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Патент USA US3091858

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June 4, 1963
B. E. FRANK
3,091,848
METHOD OF MAKING MULTI-WALLED TUBING
Filed Sept. 18, 1958
5 Sheets-Sheet 1
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June 4, 1963
B. E. FRANK
3,091,848
METHOD oF MAKING MULTI-WALLED TUBING
EN@
ATTORNEY
June 4, 1963
B. E. FRANK
3,091,848
METHOD oF MAKING MULTI-WALLED TUBING
Filed Sept. 18, 1958
5 Sheets-Sheet 3
ATTORNEY
United States Patent O
1
CC
3,091,848
Patented .lune 4, 1963
1
NETHÜD GF
3,091,848
G MULTI-WALLED TUBING
Bernard E. Frank, Rochester, N.Y., assigner to General
Motors Corporation, Detroit, Mich., a corporation of'
2
two dat steel strips of AISI 1010, AISI 1020, and AlSI
1008 or the like which extend from generally radially
aligned reels adjacent a tube-making apparatus. A first
4 Claims. (Cl. 29_471.7)
steel strip 10 is coiled on a reel 1'3 which is positioned
at one end of a tube-forming mill 12. The tube-forming
mill 12 is composed of a group of forming devices 14
each of which includes a pair of rolls. A sufiicient num
This invention relates to the manufacture of steel tub
ing in which the primary objects of the invention are to
ber of forming devices are included in the forming mill
to impart the desired cross sectional configuration to the
Delaware
Filed Sept. 1S, 1958, Ser. No. 761,749
provide a multi-wall steel tubing having concentric walls
which are brazed to one another and a welded outer seam
and to provide a continuous method of making such a
fiat steel strip 10. These rolls progressively bend the
edges of this flat steel strip upwardly to form a tube hav
ing an open seam 18 at its top where the edges 20 and 22
of the steel strip abut. The formed tube 16 then passes
through a swaging device 24 which further imparts the
This invention comprehends making a composite multi
desired cross sectional configuration to the tube ‘16.
walled steel tubing from dat strips of steel which are
The tube 16 formed on the first mill 12 »then passes be
formed and brazed together during the manufacturing of
tween
the forming devices 26 of a second tube-forming
the tubing. A steel strip is continuously moved longi
mill 2€ which is spaced somewhat from the end of the
tudinally through a tube-forming mill which transversely
bends it into a tubular configuration having longitudinally 20 i rst tube-forming mill 12 opposite the reel 13 containing
the first fiat steel strip 10. The second tube-forming mill
abutting edges. A second steel strip is then continuously
28 is in general longitudinal alignment with the first so
moved longitudinally along with the tubing formed from
that the tube formed in the first tube-forming mill 12
the first steel strip. rl`he second strip is then similarly
passes directly into the forming devices 26 of the second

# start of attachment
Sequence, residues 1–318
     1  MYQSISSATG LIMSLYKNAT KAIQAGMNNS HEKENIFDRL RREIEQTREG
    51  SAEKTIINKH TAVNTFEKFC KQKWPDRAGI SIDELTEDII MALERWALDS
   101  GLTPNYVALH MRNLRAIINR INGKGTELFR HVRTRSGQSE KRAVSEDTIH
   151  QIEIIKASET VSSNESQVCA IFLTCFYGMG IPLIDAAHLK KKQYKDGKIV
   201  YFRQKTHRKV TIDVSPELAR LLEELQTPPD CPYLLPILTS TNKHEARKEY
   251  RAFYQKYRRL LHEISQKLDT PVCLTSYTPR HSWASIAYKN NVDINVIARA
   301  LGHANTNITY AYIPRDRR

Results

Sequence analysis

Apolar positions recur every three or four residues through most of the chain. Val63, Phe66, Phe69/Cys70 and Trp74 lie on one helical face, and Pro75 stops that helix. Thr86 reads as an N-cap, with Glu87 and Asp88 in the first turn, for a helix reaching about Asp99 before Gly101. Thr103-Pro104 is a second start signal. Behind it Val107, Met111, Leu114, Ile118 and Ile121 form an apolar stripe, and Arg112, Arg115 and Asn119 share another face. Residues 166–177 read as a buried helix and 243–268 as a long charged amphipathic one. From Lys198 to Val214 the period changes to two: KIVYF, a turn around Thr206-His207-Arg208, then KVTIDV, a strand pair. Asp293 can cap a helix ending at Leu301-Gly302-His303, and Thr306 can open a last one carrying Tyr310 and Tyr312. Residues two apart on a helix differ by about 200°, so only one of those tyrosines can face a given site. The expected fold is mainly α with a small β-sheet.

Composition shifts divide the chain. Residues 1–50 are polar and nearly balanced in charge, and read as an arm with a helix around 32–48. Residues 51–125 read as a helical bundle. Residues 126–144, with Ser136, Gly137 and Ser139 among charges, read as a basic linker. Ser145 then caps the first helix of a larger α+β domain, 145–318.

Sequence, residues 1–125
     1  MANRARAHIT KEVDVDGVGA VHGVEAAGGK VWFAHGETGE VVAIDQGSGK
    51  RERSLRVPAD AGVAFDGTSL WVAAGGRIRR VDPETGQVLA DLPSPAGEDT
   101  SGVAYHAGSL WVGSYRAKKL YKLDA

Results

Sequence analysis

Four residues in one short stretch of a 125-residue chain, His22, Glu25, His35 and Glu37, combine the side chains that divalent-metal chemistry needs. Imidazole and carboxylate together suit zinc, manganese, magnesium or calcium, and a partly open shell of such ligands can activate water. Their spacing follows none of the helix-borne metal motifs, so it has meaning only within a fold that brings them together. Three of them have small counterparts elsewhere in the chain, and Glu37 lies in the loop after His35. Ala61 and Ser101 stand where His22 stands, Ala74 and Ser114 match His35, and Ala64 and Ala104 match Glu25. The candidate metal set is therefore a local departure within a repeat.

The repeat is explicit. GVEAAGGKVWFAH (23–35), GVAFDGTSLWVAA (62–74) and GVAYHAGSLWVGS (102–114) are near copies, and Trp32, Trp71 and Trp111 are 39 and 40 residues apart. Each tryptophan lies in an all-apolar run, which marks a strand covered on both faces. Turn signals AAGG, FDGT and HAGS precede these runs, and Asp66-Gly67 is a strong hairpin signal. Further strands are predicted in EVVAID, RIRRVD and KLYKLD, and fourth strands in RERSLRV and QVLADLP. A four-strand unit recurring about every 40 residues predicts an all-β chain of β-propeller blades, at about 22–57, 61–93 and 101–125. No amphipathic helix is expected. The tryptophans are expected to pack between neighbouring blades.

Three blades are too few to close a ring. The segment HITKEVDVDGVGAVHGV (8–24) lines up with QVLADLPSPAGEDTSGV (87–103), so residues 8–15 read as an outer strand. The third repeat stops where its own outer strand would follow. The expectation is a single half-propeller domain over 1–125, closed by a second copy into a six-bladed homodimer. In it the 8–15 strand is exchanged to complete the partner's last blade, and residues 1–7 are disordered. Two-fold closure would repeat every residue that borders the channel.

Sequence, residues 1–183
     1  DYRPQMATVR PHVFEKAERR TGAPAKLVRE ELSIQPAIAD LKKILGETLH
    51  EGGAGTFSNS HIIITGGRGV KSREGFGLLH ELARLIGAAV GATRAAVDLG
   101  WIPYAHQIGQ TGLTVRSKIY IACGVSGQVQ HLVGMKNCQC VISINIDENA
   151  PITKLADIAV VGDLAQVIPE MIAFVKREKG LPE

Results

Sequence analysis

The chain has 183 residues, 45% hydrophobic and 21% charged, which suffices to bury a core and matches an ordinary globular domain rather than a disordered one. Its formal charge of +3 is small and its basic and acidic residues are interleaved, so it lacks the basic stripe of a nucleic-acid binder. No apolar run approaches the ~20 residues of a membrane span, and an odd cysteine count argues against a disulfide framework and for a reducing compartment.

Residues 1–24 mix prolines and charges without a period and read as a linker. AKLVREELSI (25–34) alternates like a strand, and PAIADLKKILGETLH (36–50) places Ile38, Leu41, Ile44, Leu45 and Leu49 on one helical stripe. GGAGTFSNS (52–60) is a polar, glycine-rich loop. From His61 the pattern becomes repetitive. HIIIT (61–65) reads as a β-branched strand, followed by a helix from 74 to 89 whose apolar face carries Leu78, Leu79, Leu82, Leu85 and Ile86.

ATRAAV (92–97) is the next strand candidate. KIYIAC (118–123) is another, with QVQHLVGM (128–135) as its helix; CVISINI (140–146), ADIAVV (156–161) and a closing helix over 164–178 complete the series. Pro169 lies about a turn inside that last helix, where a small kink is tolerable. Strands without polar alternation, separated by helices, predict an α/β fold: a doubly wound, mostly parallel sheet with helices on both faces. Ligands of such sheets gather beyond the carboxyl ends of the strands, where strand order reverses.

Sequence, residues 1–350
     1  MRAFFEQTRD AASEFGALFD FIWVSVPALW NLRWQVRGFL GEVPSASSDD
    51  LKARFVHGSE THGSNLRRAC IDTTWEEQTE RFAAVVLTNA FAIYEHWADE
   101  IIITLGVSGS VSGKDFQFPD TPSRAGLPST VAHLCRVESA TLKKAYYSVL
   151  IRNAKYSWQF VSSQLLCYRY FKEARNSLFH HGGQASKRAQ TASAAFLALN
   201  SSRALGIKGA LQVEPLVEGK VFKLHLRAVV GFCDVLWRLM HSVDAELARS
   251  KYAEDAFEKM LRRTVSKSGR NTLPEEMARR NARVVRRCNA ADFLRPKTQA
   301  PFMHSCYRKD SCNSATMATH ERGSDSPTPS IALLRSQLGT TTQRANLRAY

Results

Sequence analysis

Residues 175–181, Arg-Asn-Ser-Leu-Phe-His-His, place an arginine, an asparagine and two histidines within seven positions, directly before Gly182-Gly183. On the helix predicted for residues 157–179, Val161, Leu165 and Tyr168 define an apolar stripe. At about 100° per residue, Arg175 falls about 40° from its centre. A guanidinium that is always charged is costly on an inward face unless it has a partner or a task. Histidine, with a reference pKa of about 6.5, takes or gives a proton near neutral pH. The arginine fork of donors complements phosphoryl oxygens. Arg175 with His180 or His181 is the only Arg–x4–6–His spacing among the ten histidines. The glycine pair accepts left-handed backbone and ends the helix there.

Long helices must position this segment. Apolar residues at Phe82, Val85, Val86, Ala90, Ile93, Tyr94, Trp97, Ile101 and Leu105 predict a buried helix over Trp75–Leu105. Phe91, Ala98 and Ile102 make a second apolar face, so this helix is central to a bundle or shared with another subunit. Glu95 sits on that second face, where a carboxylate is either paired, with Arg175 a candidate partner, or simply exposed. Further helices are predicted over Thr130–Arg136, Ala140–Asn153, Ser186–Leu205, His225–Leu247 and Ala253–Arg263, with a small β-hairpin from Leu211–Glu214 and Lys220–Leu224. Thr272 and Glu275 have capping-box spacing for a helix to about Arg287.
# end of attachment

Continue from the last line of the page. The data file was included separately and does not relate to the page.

transversely bent around the tube to form a composite
tube-forming mill 2S.
tubing of an inner tube and a concentric outer, larger di 25
A second reel Eil containing another fiat steel strip 32
ameter, tube. Prior to the complete formation of the
wider than the first is positioned between the two tube
outer tubing, a brazing material is progressively intro
forming mills in general radial alignment with the first
duced into the composite tubing between the inner and
tubing.
reel 13. The coiled fiat steel strip 32 on the second reel
outer tubes. When the formation of the outer tube is
complete, its abutting edges are welded to form a closed 30 30 extends into the second tube-forming mill 28 lwhere
its edges are transversely bent upwardly to form a tubular
imperforate seam. The tubing is then passed through a
configuration around the tube 16 formed from the first
series of rolls in which the outer tube is roll reduced into
flat steel strip 10. The second tube-forming mill 28 thus
an intimate circumferential Contact with the adjacent out
progressively forms a composite concentric multi-walled
er surface of the inner tube. The composite tubing is
then sized and heated to a suitable temperature to liquefy 35 tubing T in which the second strip 32 constitutes an outer
tube 34 having an open seam 36 at the top where the
the brazing material which was deposited interjacent the
edges 3S and 4d of the strip abut. In some instances the
individual tubes during formation of the tubing. The
tubing T is preferably formed with the longitudinal seams
molten brazing `alloy migrates throughout the tubing and
18 and 36 of the respective inner and outer tubes 16 and
metallurgically bonds the contacting surfaces of the two
tubes and similarly joins the abutting edges of the inner 40 34 diametrically opposed to
failures. The formed tubing
tube. The hot tubing is annealed and subsequently cooled
welding electrodes 42, such as
whereupon the brazing material solidifies. In order to
art for these purposes, where
inhibit deleterious oxidation during the heating and cool
ing steps, it is desirable to provide a non-oxidizing atmos
phere during the heating and cooling of the tubing.
inhibit simultaneous leak
T passes between suitable
are known and used in the
the abutting edges 3S and
40 of the outer tube 36 are welded so as to form an im
perforate or closed seam.
The welded tubing T then
Further objects, features and advantages of the present 45 passes 'between suitable sizing rolls 44 which rolls reduce
the outer tube 34 into` intimate circumferential contact
invention will become more apparent from the following
with the inner tube 16 formed from the first steel strip
description of preferred embodiments thereof and from
10.
the drawings, in which:
At a point on the first mill 12 prior to the complete
FIGURE 1 is a diagrammatic view showing a tube
formation
of the first or inner tube 16, a small diameter
forming mill provided with suitable apparatus for carry
pipe 46 which carries a non-oxidizing gas enters the tube.
ing out the present invention;
FlGURE 2 is a similar view showing another tube
This pipe, which is connected to a suitable reservoir 48
of a non-oxidizing gas, enters the inner tube 116 as it is